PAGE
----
“I’m calling the police, Catherine.” He knelt down next to me. “Believe me, you will never see David again. Never.”
I wanted to hit him. The objects agreed. The little girl cringing inside was afraid he would hurt us again. I balled up a fist and punched him in the nose.  

Trigger Warning: Mention of miscarriage. 

For the Love of Family

“Miss? Miss?”
“My name is not Miss.” I shoved away the hand shaking me. “I’m a married woman you know.” All right, technically, in the eyes of the law, I was a widow. At the moment, I didn’t really care. At the moment, I wasn’t really sure where I was. “Where am I?”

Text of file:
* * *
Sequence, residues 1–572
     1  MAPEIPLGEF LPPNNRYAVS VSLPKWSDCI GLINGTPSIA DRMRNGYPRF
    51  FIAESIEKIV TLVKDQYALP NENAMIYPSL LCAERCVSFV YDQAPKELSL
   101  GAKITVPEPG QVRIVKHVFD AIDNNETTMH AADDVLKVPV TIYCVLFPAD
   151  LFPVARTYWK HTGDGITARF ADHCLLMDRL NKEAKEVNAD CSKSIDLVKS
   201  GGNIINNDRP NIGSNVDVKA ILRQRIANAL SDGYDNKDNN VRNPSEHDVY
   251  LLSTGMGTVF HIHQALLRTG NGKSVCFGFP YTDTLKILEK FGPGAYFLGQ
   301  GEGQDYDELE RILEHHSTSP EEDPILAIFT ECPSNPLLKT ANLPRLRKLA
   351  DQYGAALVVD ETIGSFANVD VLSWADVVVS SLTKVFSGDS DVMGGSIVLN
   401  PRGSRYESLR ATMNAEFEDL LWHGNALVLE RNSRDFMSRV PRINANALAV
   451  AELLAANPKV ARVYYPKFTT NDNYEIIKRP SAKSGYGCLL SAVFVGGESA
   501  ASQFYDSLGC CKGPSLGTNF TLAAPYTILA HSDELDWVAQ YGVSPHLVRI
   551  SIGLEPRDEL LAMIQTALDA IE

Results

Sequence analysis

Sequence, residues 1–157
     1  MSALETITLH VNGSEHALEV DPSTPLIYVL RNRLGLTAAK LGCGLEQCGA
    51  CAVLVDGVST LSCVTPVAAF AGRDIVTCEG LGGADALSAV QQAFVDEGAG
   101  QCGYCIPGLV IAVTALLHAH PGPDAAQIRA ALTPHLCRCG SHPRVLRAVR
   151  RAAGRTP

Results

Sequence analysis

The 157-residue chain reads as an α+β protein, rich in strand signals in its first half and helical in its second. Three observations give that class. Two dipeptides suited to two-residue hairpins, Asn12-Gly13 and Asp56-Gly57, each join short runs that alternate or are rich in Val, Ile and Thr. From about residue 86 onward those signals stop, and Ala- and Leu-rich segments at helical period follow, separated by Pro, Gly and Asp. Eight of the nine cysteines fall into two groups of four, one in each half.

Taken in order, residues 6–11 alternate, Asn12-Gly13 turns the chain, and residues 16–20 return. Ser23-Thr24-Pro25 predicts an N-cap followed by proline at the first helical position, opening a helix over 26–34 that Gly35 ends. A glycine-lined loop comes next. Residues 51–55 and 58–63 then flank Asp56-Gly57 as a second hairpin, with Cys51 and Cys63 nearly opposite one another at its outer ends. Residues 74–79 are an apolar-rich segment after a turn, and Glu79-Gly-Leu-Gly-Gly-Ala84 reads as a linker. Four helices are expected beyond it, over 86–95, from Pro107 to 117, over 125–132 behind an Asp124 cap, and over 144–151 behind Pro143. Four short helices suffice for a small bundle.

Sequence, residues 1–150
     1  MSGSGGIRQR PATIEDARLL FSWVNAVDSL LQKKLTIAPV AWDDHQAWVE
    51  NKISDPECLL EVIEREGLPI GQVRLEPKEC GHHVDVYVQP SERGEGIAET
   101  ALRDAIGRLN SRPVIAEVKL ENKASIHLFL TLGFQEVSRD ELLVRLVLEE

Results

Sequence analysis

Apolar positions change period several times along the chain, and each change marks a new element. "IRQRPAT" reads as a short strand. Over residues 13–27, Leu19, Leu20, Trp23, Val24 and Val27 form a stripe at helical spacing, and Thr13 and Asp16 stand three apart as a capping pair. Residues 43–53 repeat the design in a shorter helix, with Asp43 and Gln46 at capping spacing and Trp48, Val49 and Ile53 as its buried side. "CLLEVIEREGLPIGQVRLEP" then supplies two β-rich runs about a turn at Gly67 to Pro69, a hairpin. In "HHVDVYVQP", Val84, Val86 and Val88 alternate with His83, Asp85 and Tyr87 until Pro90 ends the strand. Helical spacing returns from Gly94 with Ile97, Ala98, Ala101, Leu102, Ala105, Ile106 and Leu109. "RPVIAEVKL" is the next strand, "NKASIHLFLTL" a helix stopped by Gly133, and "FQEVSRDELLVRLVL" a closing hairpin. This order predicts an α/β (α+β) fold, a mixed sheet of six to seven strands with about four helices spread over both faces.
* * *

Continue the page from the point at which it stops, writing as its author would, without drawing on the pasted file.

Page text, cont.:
I blinked open my eyes. The walls were beige. The walls were beige and they spoke of important things and important people. Of weighty topics. Life and death.
“You’re in a hospital, Miss.”
The person that called me Miss was a young man. Younger than myself I thought and more awkward than I’d ever been. He wore a uniform. I believe I’d once been informed they were called scrubs. His were green and at his pocket a nametag bit down with tiny metal teeth. The tag liked the pocket very much.
“Why am I in a hospital?”
“Mr. Crowley brought you here Miss. He said you weren’t feeling well.” There was an undertone to his words.
They think you’re crazy. The bed whispered to me.
Fantastic. Fantastic with sugar and marshmallows on top. I refrained from rolling my eyes. “If you wouldn’t mind terribly, I’m leaving now.”